Once the creator was thinking about where to conceal 'that' wisdom after attaining which nothing is left to be attained. His wife suggests a high mountain or a deep sea but both were discarded as man can climb or swim. It was then decided to keep this wisdom inside man, while man searches for it outside for lifetimes. This metaphor makes it easy for us to understand when Krishna says, "Certainly, nothing in this world is as sanctifying as wisdom. In due course of time, he who perfected in yoga finds it in the self" (3.38). The essence is that 'wisdom' is in the self and by the same measure everyone has it. It's just the question of realising it both in self and others.
Krishna further says, "Shraddha-vaan (one with Shraddha) and Jitendriya (one who won senses) obtain wisdom leading to parama-shanti (supreme peace)" (3.39). Krishna gives contrast and says, "The ignorant, devoid of Shraddha is ruined and there is no happiness for him in this world or other." (3.40)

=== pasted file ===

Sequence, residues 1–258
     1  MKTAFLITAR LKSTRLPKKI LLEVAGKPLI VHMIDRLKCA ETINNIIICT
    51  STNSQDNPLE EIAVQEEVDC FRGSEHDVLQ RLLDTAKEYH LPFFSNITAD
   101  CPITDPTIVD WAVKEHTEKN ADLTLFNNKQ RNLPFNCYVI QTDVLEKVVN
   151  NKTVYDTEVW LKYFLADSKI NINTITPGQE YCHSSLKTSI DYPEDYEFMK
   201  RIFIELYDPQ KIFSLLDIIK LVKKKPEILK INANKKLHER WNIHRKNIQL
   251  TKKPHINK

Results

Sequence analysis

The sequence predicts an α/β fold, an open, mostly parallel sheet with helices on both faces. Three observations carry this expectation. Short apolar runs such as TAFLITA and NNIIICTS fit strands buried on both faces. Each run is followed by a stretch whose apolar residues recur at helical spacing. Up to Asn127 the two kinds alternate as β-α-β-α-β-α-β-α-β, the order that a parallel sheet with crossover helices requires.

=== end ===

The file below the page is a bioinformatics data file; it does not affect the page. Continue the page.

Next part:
'Shraddha' is a common thread in the Gita. Devotion, trust or positive thinking are its closest meanings. Krishna talks about Shraddha at many places and encourages Arjun to be Shraddha-vaan. Shraddha is not a ritual to get the fruits of action of our choice but inner strength to accept with gratitude that whatever comes our way is the best thing that could have happened to us in the given circumstances however adverse it might be realising that we can't have separate desires than of existence.
Making senses subservient is an integral part of the Gita. Krishna elsewhere compares senses with wild horses and tells us to control them like a trainer who rides horses by understanding them. Certainly, it is understanding but not suppression.
Source - Daily World